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Old 03-11-2016, 15:26   #4
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Statins may cause diabetes. http://www.ncbi.nlm.nih.gov/pubmed/23456437

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Old 03-31-2016, 15:26   #5
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How much fish oil are you taking? High doses will raise mine. Anything over three grams. But if you are still eating potatoes and drinking beer I'd say stop those before the fish oil. Beer is really high in carbs. So are potatoes.

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Old 04-13-2016, 11:10   #6
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Quote:
Originally Posted by moon View Post
First a question: when you say your blood glucose has risen to around 108, is that a typical fasting number or random time during the day, or ...?
standard 12 hour fasting test.

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Old 04-13-2016, 11:11   #7
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How much fish oil are you taking? High doses will raise mine. Anything over three grams. But if you are still eating potatoes and drinking beer I'd say stop those before the fish oil. Beer is really high in carbs. So are potatoes.
I take 1 gram of fish oil per day.

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Old 04-13-2016, 11:16   #8
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Originally Posted by walkerwally1 View Post
Like Moon said the most suspect is the carbs and potatoes and beer unfortunately have a lot. Carbs = sugar so it's something to keep in mind. On the other hand, Niacin is known to raise blood sugar in many people and is one of the side effects if you research it. It sure did raise mine when I tried it but testing is the only to know how it affects you.
I have given up taking Niacin, so I'll have to see how it goes with my next test. Ironically there was a quack who didn't want to give me statins, but instead told me to take Niacin. I told her that with the bad family history of cariovascular problems - e.g., grandmother dying of heart attack at age 43, father having had 5 carotid replacement (or whatever that is called) plus the standard bypass & valve replacement - I need statins, so matter what the side effects are. (i quickly dispensed with seeing her.)

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Old 04-13-2016, 15:38   #9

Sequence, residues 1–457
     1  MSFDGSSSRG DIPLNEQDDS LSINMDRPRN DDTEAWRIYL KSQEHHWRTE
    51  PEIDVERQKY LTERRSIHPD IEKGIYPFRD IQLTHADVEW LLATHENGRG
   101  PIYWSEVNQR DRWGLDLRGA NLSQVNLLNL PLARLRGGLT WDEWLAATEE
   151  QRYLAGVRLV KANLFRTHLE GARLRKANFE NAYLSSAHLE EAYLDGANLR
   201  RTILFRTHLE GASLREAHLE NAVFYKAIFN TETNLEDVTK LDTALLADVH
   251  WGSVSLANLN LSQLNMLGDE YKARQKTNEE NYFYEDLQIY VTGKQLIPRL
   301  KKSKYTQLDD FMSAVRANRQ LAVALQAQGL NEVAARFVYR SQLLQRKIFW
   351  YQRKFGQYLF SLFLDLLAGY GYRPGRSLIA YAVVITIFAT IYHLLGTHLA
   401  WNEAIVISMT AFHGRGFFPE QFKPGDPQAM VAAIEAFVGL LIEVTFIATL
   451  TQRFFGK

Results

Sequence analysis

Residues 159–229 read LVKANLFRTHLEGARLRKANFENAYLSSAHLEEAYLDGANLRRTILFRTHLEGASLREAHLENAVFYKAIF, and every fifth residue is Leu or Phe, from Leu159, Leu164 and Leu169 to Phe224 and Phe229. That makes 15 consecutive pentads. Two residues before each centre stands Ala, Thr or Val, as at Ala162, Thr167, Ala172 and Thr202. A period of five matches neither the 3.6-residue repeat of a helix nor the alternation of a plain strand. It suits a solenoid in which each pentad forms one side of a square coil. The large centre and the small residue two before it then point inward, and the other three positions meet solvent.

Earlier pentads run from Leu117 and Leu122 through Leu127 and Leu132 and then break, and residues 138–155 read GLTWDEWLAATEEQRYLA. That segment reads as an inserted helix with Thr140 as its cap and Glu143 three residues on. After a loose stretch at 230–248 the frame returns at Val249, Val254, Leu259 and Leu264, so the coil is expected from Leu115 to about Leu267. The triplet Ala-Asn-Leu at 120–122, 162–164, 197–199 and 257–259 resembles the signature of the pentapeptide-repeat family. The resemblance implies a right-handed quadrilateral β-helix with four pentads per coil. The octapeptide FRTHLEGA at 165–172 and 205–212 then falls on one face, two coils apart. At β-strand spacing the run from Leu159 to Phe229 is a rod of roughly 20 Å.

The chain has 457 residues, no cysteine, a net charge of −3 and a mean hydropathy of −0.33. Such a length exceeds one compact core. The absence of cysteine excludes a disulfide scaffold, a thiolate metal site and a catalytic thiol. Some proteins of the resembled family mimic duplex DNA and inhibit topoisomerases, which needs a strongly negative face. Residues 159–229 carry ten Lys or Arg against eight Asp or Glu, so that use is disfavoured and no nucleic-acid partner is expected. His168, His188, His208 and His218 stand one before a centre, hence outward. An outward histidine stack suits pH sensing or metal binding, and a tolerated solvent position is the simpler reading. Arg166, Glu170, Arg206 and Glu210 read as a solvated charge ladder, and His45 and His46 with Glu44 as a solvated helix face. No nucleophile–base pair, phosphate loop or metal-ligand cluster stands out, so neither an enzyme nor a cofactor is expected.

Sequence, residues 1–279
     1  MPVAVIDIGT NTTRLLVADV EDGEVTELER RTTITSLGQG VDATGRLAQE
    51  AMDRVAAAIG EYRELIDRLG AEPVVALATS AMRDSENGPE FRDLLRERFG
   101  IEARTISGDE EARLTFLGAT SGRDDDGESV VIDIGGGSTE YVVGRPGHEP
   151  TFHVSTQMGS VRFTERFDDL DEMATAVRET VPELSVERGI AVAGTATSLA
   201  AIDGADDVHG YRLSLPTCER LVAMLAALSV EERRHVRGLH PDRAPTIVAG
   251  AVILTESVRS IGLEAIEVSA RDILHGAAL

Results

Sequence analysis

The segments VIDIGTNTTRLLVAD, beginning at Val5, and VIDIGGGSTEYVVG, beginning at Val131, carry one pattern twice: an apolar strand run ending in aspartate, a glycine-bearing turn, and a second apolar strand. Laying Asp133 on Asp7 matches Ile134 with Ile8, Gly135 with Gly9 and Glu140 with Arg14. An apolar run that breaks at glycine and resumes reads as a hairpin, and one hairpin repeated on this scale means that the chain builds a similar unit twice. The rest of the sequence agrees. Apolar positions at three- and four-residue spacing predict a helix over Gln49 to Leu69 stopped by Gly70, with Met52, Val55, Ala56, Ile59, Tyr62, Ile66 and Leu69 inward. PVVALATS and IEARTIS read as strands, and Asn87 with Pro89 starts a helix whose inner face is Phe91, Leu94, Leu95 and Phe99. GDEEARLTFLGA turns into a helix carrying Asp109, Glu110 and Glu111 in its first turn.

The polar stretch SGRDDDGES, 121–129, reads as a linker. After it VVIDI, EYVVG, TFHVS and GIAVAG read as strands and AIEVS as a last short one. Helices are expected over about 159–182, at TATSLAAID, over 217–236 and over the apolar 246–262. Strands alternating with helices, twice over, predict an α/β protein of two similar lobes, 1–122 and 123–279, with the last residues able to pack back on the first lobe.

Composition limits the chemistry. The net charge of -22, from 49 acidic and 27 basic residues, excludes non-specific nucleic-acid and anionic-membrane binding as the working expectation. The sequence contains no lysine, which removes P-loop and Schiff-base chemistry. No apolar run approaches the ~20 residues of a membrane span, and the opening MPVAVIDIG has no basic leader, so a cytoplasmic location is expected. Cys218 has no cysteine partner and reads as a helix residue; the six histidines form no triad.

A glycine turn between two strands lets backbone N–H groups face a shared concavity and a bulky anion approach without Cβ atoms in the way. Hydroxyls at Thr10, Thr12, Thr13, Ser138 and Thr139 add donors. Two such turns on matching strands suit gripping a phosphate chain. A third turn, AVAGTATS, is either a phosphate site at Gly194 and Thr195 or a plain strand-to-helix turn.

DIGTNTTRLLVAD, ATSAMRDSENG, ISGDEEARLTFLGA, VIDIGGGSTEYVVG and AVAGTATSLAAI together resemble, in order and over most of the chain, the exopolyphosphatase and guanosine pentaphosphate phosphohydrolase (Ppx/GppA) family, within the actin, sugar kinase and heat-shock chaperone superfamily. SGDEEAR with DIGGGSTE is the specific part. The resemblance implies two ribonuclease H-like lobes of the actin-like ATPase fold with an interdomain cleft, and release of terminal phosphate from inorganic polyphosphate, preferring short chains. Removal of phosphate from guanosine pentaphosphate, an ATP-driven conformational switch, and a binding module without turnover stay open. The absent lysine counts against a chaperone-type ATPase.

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You should probably be more concerned with your low HDL than your total C or LDL. It can be raised by eating less carbs and more fats, but avoid unsaturated fats and anything hydrogenated (check labels for that one, it's EVERYWHERE). That will also modify LDL from "small dense" to "large fluffy". This isn't checked routinely most places but is vitally important since those two are very different. It is only the first one (if any) that may be harmful and involved in CVD. The latter in benign.

Read up on statins. They do very little for very, very few people.

Please read the site from the link in the recent thread on saturated fats for more info.

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Old 04-13-2016, 20:34   #10
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You should probably be more concerned with your low HDL than your total C or LDL. It can be raised by eating less carbs and more fats, but avoid unsaturated fats and anything hydrogenated (check labels for that one, it's EVERYWHERE). That will also modify LDL from "small dense" to "large fluffy". This isn't checked routinely most places but is vitally important since those two are very different. It is only the first one (if any) that may be harmful and involved in CVD. The latter in benign.
Everyone used to say that unsaturated fats is the good one! I eat a lot of well-fatted red meat - e.g., New York Strip and pork kabob - so I think I'm doing well in trying to boost that HDL via my diet. I use a canola-oil-aduncted butter to slather on my bread & potatoes. I avoid trans-fat whenever I can; is hydrogenated fat basically trans-fat?